• Make the “ask” — You need to remember that you’re interviewing the company as much as they’re interviewing you. Therefore, you should own your job search and be confident in asking about next steps and timeframes. Ask about job expectations and how someone would like to hear back from you. Don’t make assumptions. When you are confident, you are a better candidate.
  • Be nice . . . to everyone — The laser focus to get to the hiring manager at all costs is extremely detrimental to your success. You need to remember that you are joining an organization, not getting a job. So, work with HR and don’t skip them. Be nice to everyone you meet including the receptionist and all other staff. Remember that everyone is watching how you treat others. That is a reflection of who you are as a person regardless of your skills.

What should people in transition do after they land?

  • Thank those that helped you — We often are so excited after landing a job that we don’t take the time to thank people. This is a giant miss. No job search is done on your own. People want to celebrate with you when you land so make sure to let them know the great news and also thank them for what they did – no matter how small it was.
  • Follow-up on openings you didn’t get — Responsiveness is true for HR and folks in transition. If you landed a role, and were considering others, you need to reach out to the companies you didn’t join and let them know you’ve landed. It makes a fantastic professional impression when you do this because it rarely happens. Take the extra step. You never know but that you may end up working with those other potential companies in the future in some capacity. It’s classy to take this step.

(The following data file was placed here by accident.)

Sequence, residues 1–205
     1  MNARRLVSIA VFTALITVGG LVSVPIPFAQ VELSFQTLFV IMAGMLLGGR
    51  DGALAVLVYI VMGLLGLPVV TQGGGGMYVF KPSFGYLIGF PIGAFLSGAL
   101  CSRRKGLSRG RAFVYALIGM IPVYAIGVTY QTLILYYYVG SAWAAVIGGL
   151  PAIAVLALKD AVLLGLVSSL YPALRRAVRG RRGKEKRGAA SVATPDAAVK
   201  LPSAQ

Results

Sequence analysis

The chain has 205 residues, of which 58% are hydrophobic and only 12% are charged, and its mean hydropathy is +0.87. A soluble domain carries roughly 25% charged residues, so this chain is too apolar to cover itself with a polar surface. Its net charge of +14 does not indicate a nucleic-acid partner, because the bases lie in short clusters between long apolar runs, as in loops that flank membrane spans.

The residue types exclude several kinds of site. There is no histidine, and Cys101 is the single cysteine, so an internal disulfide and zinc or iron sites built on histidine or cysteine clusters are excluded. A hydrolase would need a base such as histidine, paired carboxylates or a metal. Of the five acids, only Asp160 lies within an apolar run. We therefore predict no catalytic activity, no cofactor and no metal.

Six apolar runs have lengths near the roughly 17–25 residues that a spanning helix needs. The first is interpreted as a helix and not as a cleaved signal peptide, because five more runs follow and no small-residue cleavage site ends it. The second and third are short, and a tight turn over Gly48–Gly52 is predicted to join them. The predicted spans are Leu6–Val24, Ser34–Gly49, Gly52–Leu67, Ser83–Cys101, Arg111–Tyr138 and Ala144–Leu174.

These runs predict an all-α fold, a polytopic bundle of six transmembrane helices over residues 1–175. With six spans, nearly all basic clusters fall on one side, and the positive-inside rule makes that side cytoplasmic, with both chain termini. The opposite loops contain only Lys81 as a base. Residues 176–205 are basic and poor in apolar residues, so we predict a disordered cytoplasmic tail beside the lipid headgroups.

• Add value to your new company — After you breathe a sigh of relief when you get your new job, jump in and start adding value. Today’s economy doesn’t need people who just do tasks and go through the motions. As stated before, you aren’t getting a “job”, you’re joining an organization. Do all you can to make them thrive and succeed.
  • Keep networking — You need to realize that networking isn’t about getting a job. Networking is an essential business skill that needs to be practiced by professionals in all industries. If you only network to land a job, I guarantee that you’ll be looking for another role very soon. People shouldn’t be “takers.” Now that you’ve seen how networking truly helped you, remember that and stay connected as well as reach out to help others – just like others helped you!

This was one of our best HR Roundtables. It was great to take on a topic that needs to be discussed more often. If people in transition and those in HR understood each other better, we’d see more great talent land and improve organizations.

The Roundtable ended with another note of encouragement to tell others about the HR Roundtable and invite them to be part of a forum that has worked to maintain and add to the brand of human resources.